Of all the team-ups and collabs in recent memory, this has to be among the most chaotic, noisy and boisterous of them all. Greg Saunier and Brian Chippendale are two drummers behind some of the more experimental punk bands of the late 90′s and early 2000′s, namely Deerhoof and Lightning Bolt. They are regarded as formidable musicians in their own rights, as well as being close friends.
The above album is effectively a half hour of two men playing drums as hard and ferocious as they can, dipping and feeling each other’s style for volume and rhythm dynamics, using each other’s energy to build and drop in crescendo after crescendo of drive, power, and skill. Recommended for anyone into free-improvised percussion music. And if you have time, watch the documentary Checking in at 20, which is paired with the album. It gives some fascinating insight into the two drummers and the project.
- Fin Worrall
DOS4GW is an underground beatmaker that has been consistently blowing my mind since 2007. The dark, fierce, electronic noise that has been emanating from his bedroom for the past few years has grown more varied and more interesting with each project, so naturally this new album, Suiside B, is pretty exciting. Slightly reminiscent of Tobacco and BMSR, the album is as mottled as it is expansive, with overdriven metallic waves broken up by steady beats, drum-and-bass punctuation, and trippy fluorescent crescendos. Check it out above and enjoy!
Suiside B is out now via Smokers Cough.
- Fin Worrall
After 15 years of studio album silence, D’Angelo returns with a fantastic comeback record.
Foo Fighter’s match this album’s ambitious concept with some generally uninteresting songs.
The latest Wu-Tang record defies expectations, featuring even weirder experiments and hooks than the polarizing 8 Diagrams. Still, it should please at least some hardcore fans.
Psychedelic and prolific folk rock outfit Big Blood have recently released their second album this year, and you can stream it via the widget above. The title of this thing: Unlikely Mothers.
It’s a double album that features a series of long, patient, and droning psych folk dirges that are both eerie and gorgeous. The album’s cover art and concept directly reference the aunt and mother of frontwoman Colleen Kinsella, both of whom were nuns during Vatican II; however, Colleen’s mother left to pursue other things–you know, like being a mother.
While some of the tracks–and this record, generally–feel unnecessarily long-winded, there’s something twisted and alluring about the nine songs here.
Check a review for an older Big Blood album here.
It is pretty much impossible to classify the music of Finnish collective Kemialliset Ystävät. I might say its style is kind of psychedelic, appears to be predominantly electronic, and has exotic elements, but half the time I can’t even tell what is generating the sounds on latest album Alas Rattoisaa Virtaa: Live instrumentation? Sampling? Synthesizer? Voice? You could say it is a mash-up of world music (particularly from the Far East), krautrock, chiptune, and plunderphonics, but in the end I’m not comfortable isolating any one of those (micro)genres. Ultimately, Alas Rattoisaa Virtaa is sui generis – the style is Kemialliset Ystävät’s alone.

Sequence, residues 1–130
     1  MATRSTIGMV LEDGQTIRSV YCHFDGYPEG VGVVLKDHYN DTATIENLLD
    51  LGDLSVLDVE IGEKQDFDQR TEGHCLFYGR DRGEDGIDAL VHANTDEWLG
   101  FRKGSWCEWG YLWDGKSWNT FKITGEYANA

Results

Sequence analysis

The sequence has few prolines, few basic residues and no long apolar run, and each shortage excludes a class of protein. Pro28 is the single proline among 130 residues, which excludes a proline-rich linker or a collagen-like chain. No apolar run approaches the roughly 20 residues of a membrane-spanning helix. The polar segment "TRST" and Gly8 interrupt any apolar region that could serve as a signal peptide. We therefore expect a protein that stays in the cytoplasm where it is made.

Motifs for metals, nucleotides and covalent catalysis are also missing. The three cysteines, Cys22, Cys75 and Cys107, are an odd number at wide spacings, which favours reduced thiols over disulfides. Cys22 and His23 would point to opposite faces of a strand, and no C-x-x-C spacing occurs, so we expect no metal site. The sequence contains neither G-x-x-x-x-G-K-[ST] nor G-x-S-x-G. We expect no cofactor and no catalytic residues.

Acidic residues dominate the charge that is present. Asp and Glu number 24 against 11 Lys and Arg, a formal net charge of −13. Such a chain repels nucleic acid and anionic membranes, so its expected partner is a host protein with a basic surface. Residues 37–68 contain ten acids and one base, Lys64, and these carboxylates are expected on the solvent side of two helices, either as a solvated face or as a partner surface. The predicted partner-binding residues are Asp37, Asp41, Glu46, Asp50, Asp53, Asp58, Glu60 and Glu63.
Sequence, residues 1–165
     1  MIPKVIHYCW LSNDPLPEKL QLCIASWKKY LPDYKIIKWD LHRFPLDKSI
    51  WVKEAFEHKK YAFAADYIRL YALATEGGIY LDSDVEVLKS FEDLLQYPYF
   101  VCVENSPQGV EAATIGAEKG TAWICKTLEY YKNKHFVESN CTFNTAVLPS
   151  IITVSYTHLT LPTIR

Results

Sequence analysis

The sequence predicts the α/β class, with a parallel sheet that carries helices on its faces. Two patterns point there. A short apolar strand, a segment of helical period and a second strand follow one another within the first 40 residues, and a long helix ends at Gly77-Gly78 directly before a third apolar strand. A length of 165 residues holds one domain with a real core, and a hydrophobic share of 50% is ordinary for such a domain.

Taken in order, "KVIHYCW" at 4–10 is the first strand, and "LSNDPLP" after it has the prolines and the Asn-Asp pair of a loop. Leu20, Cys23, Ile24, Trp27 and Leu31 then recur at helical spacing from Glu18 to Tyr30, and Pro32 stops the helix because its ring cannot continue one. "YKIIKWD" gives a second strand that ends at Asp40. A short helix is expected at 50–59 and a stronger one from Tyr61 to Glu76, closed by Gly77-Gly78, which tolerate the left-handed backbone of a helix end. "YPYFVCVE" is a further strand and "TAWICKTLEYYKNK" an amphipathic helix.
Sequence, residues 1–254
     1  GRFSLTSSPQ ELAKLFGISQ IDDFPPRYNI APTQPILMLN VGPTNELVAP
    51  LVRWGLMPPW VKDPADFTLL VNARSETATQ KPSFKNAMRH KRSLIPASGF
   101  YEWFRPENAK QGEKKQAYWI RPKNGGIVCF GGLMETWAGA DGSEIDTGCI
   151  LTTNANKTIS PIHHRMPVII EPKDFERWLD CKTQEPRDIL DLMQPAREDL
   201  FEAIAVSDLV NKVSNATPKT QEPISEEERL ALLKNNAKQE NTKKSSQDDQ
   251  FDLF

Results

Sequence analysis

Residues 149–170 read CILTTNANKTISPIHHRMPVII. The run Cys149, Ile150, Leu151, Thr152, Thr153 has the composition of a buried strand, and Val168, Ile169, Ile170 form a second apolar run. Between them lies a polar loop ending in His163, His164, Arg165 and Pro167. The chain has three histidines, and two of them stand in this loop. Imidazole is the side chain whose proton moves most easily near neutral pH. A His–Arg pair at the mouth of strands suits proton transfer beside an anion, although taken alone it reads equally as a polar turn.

The result is an ironically whimsical experience. Alas would be the perfect soundtrack for a Hayao Miyazaki movie – images of Spirited Away and Porco Rosso filled my head, well before the oinking pig samples that come in at the end of the clap-led centerpiece “Vettä Yarahille.” A few more of my favorite moments are the initially boisterous and later moody “Arkistorotat/Risuilla Täyteyssä Salissa,” the clanking and marching “Naderbux & Sundergrund,” and the ethereal “Hetkinen,” which I swear sounds exactly like part of the Spirited Away soundtrack. I wish I could, as usual, lay down a bunch of interesting genre descriptors to posit an idea of the aesthetic and pique your interest. But I hope my inability to do so for this LP will have the same enticing effect. I’ll try one last film allusion: if there were a Studio Ghibli-produced adaptation of The Wizard of Oz, this would be the score.
- From my joint Ultima II Massage / Alas Rattoisaa Virtaa review for The Arts Fuse
With 36 Seasons, Ghostface Killah tries to recreate the same narrative-based formula he worked with on his last album, but with only a portion of the appeal.
Fusing surf rock, horror punk, and lo-fi garage, the new Wytches album is an electrifying experience.